Can Air India, the country’s Maharaja carrier, offload the baggage of massive bad loans and be able to cruise again? Even as the government prepares to get bids for the beleaguered airline, it is doubtful whether the carrier’s disinvestment will take off at all as there seems to be little interest to acquire the gigantic national airline. While most of the top Indian carriers have already pulled out of the race, only a few international carriers are left in the fray.
Among the national carriers, market leader Indigo was the first one to pull out of the race, followed by Spicejet and Jet Airways. Most other Indian carriers might not be eligible, given the stringent conditions laid down by the Indian government to qualify for the bids. As of now, some international carriers, including Singapore Airlines, British Airways, Lufthansa and Etihad, may be interested, though some others like the Swiss Aviation Consortium has pulled out.
Experts feel the lack of interest from national and international carriers is due to the terms and conditions laid down by the government for the airline’s takeover, which make many Indian carriers ineligible to make bids, and the acquisition extremely unattractive or unprofitable.
The government has offered 76 per cent management control and equity ownership in Air India (AI). However, there is a catch. Foreign airlines can acquire only up to 49 per cent of the airline, which means they would have to tie up with an Indian company. Also, AI has to be sold as a single unit, which means the acquirer will also have to buy Air India Express, AI’s low cost carrier, as well as AI SATS, a company for AI’s ground handling. The government has offered 100 per cent stake in Air India Express, but only 50 per cent in AI SATS. This makes AI a bad proposition as many carriers would want to take over only AI and not the other companies along with it.
Indigo, for instance, has publicly said it was interested only in AI’s international operations. Jet Airways also stated they had decided to pull back from the process after considering the terms of offer in the information memorandum. “No government agency has been known to be marketing experts,” says former AI executive director Jitender Bhargava. “They go in a bureaucratic manner and do what they think is right. The interest people have diminishes as a result.”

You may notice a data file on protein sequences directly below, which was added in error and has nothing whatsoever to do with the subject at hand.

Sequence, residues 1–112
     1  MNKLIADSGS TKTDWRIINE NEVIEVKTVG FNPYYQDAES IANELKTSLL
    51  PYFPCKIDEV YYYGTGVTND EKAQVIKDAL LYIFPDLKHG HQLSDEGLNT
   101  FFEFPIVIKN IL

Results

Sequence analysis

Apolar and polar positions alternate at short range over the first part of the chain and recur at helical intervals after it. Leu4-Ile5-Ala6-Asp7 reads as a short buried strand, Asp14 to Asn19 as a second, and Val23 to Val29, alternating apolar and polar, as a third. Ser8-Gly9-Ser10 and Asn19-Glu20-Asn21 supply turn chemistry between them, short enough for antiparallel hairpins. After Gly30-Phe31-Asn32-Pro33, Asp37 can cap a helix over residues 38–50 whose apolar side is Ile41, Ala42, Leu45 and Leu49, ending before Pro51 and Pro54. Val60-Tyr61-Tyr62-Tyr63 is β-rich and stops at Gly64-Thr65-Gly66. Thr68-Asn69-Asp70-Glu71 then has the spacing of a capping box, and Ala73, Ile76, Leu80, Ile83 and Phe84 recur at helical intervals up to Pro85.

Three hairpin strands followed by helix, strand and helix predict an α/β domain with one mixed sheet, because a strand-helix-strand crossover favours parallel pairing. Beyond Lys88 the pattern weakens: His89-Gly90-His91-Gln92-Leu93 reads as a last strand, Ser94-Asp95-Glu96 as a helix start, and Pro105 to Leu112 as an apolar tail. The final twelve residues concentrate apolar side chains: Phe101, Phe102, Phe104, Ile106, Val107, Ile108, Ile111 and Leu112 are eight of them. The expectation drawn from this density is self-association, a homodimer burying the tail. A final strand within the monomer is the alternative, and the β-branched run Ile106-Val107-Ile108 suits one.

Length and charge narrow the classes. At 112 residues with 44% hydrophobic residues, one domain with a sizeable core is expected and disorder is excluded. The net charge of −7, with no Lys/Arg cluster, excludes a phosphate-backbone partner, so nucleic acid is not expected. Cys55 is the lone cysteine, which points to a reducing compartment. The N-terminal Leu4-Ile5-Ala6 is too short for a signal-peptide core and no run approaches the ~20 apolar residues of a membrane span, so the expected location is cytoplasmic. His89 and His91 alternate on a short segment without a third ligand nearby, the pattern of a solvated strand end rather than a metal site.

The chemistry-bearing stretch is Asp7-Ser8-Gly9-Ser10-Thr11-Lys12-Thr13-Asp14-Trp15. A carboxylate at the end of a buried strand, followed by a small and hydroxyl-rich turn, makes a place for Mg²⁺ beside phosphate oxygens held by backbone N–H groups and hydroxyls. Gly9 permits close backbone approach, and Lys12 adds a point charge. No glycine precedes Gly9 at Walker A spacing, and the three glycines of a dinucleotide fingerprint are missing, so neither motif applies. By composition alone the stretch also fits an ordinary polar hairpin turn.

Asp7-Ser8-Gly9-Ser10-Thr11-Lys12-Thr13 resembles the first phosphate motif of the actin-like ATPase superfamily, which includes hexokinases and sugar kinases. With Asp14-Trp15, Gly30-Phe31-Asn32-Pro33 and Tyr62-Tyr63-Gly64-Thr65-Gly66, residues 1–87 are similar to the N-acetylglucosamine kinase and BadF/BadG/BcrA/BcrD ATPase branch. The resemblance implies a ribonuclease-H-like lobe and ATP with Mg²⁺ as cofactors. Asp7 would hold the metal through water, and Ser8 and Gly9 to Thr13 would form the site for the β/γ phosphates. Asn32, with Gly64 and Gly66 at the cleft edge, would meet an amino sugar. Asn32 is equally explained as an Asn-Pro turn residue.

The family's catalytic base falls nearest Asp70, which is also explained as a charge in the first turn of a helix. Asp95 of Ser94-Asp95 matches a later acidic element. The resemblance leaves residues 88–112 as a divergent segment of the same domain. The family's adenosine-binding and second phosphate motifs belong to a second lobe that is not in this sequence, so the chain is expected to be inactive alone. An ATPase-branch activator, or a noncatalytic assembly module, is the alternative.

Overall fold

There are other factors too that will go against AI’s disinvestment. First is the huge Rs 33,000 crore debt that AI is saddled with, including a debt of about Rs 25,000 crore and current liabilities of a little under Rs 9,000 crore. Though the terms of sale issued this March states the bidders have to take on the entire debt, the government will have to clear the smoke on what happens to the debt before the disinvestment process starts.
Moreover, AI has been in constant losses. In FY2017, the losses amounted to around Rs 5,765 crore. However, its subsidiary Air India Express made a profit of around Rs 300 crore. AI SATS is also profitable. Importantly, AI currently has over 16,000 employees on its rolls. According to reports, the Indian government wants them to stay on the rolls of the acquirer for at least one year. Worse, these employees are divided into six unions, all of which are strongly opposed to the company’s disinvestment. Managing the unions and the huge employee base would be a gargantuan task for anyone who acquires AI. This could be a factor pushing the carriers away.
Apart from this, AI has been providing several facilities and privileges to its employees, especially pilots, which other carriers might not be willing to retain. This includes huge perks, high gratuity, leave encashment and medical benefits for life. Having to provide these would entail huge costs for the company acquiring AI. There are other privileges like subsidised hotel stay and sick leave, which employees are not provided in other companies.